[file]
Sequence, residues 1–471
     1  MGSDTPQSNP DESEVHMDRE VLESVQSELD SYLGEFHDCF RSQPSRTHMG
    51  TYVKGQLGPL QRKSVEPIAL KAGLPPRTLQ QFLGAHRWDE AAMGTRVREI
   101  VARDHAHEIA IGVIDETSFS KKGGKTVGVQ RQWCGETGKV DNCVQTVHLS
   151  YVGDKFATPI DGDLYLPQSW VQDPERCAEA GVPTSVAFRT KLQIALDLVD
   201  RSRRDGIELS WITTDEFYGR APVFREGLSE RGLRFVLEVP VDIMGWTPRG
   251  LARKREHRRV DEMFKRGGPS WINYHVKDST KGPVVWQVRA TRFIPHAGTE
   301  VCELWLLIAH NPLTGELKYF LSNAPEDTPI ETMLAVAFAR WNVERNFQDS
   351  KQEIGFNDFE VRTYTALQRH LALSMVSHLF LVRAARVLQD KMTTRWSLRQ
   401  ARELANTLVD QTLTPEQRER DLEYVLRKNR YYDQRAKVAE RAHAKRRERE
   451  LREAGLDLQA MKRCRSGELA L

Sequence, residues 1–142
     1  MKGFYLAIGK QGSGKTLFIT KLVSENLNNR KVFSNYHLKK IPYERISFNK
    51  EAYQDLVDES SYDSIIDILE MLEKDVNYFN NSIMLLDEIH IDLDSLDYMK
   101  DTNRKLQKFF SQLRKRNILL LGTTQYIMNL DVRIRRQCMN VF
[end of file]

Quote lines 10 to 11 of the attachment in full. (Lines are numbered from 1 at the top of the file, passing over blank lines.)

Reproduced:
   401  ARELANTLVD QTLTPEQRER DLEYVLRKNR YYDQRAKVAE RAHAKRRERE
   451  LREAGLDLQA MKRCRSGELA L